To sum it up, ultimately, your SEO roadmap is just an Excel or Google Sheet, but it’s the detail and planning behind this that will determine success. Plan accordingly and you should be able to create a roadmap that is easy to execute, hit deadlines and drive organic growth.

You can view Charlie’s slides here.

Top tips for SEO content ideas that work

Hannah Brady – Senior Content Strategist, connective3

Next up we had Hannah Brady who took us through some great tips for thinking up new SEO content ideas. Hannah’s talk focussed around SEO content ideas, but her tips can be a be applied to PR, Social or other broader digital marketing disciplines.

Hannah’s key points include:

  1. Take it back to basics
    Before you start ideation, look at your customer journey and ask yourself some simple question regarding what you’d want to know from the site, what kind of user are we talking to, what would you like to read and more. Also look at seasonal content, are there any key seasonal dates that can be added to your roadmap? Seasonal content will have peaks through the year but can provide powerful performing content.
  2. Use your team
    Hannah emphasised how you should be using the people around you for content ideas and she also gave some great tips for team ideation sessions.
  3. Use your client
    Hannah explained how ideation sessions with her clients are one of her favourite ways to get new ideas and again gave some tips for how to run these sessions.
  4. Use the competition
    This one speaks for itself, check out what your competitors are doing and always check the SERP and to see the top ranking result.
  5. Say no to SEO… sometimes
    Sometimes you’re just going to have to write for people and not SERPS and that’s ok.

Hannah’s talk had a wealth of information and tips, check her slides out here.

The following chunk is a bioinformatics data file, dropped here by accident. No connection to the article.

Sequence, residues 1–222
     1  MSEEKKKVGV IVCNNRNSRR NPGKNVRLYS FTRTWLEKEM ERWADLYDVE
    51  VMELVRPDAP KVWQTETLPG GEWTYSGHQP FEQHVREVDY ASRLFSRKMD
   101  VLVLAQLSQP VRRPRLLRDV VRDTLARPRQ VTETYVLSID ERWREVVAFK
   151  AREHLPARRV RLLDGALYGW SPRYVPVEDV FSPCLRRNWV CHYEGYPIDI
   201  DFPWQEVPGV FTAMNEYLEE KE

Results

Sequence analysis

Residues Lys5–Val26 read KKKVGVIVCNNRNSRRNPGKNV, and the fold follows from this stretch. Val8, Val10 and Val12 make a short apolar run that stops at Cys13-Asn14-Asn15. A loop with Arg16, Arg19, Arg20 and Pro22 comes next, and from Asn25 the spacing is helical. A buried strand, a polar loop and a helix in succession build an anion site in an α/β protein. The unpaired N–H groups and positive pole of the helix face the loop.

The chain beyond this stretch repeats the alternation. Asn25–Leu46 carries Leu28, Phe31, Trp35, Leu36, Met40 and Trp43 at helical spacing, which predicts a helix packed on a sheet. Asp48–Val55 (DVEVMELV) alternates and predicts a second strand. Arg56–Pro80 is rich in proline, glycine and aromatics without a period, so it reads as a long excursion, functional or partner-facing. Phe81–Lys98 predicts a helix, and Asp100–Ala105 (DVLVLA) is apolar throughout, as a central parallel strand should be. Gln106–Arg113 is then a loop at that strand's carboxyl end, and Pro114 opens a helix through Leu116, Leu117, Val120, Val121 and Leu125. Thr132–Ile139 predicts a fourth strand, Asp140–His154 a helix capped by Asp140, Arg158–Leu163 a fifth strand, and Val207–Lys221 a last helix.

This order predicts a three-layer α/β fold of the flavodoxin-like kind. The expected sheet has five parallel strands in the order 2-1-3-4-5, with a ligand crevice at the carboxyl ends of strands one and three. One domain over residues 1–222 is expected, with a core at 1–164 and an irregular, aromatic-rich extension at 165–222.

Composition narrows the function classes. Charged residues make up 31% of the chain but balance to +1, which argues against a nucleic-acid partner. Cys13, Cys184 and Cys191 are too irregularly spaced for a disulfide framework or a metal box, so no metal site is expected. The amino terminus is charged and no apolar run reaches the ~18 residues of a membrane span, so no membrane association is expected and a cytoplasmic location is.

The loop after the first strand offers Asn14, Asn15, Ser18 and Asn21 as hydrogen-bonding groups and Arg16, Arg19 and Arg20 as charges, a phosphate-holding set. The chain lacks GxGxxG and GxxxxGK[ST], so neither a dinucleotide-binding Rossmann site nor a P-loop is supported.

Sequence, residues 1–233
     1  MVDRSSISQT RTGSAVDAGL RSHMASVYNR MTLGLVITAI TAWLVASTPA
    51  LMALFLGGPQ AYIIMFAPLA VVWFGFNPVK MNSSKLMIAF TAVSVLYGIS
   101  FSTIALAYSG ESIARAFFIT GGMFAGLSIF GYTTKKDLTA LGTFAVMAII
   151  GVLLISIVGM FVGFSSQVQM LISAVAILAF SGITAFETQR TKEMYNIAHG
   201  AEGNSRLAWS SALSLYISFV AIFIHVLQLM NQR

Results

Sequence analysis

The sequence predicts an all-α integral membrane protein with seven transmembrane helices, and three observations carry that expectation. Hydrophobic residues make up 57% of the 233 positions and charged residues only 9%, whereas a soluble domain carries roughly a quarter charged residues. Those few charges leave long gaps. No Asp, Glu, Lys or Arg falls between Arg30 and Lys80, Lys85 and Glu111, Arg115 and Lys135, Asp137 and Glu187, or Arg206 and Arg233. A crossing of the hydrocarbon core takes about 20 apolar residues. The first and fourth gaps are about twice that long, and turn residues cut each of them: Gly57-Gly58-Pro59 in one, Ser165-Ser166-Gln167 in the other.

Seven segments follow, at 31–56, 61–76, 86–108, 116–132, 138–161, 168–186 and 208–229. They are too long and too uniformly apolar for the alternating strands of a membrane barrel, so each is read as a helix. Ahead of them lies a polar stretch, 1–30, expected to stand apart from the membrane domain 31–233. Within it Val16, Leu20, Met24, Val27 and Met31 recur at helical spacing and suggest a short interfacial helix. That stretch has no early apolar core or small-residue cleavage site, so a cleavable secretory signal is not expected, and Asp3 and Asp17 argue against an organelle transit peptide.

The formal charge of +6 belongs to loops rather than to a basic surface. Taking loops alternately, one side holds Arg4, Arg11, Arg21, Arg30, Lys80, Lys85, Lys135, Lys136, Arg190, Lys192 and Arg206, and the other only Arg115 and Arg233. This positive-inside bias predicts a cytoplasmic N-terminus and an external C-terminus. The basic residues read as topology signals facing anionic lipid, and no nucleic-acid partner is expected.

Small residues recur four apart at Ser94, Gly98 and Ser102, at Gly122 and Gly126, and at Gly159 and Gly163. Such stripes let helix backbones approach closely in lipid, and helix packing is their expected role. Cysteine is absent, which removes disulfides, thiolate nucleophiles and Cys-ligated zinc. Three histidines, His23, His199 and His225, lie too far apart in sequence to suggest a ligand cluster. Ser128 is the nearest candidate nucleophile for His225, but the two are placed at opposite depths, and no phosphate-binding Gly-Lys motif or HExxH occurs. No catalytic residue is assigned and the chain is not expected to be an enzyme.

Hannah Brady delivering her talk at Digital Bites November 2022

How to drive sales with UGC in 2022

Reece Douglas – Founder & Director, Social Plug

Our penultimate talk came from Reece Douglas who explained how you can be using UGC to drive sales

UGC is a way to get thumb-stopping content at scale and speed it wasn’t surprising to hear how UGC builds trust with your brand and in turn increases sales. Reece explained how consumers are now turning to social media for all kinds of recommendations, including food. In fact, 92% of consumers turn to people they know for referrals above any other source.

TikTok is becoming the leading social commerce platform and is coming for Google’s throne. Reece gave us some statistics for how UGC is driving purchasing decisions:

  • UGC increases conversations by 10% in an online buying process
  • Roughly 30% of the time millennials spend consuming all media is spent on UGC

Reece then went on to explain the benefits of using UGC and gave us some great examples of how it’s generated sales and influenced consumer’s purchases.

You can view his slides here.

How to pitch when you’re not a pitcher

Luke Cope – Co-founder & Strategy Director, Bottled Imagination

Last but not least, we had a great talk from Luke Cope on how to pitch when you’re not a pitcher. Luke started off by giving some pretty impressive credentials regarding how many pitches he’s been involved with which has amassed over £3m of sales. Luke didn’t shy away from the fact that pitching and public speaking isn’t something that necessarily comes naturally to him but he had to learn how to speak in public and he reassuringly said, if he can do it, then anyone can.

Luke gave some incredible advice and tips for pitching and sales and also for pitching ideas.

Some of his tips include:

  1. Practice by recording yourself
  2. Be a boxer
    What he meant by this was make sure you give yourself enough time to prep and also time to build your personal brand.
  3. Go on the introduction calls
    This helps you build a strong rapport.
  4. Understand who you’re pitching to
  5. Get used to talking about money
  6. Have a strong close

And if in doubt, make sure your campaign ideas include dogs or bumble bees, two things sure for success.

View Luke’s slides here.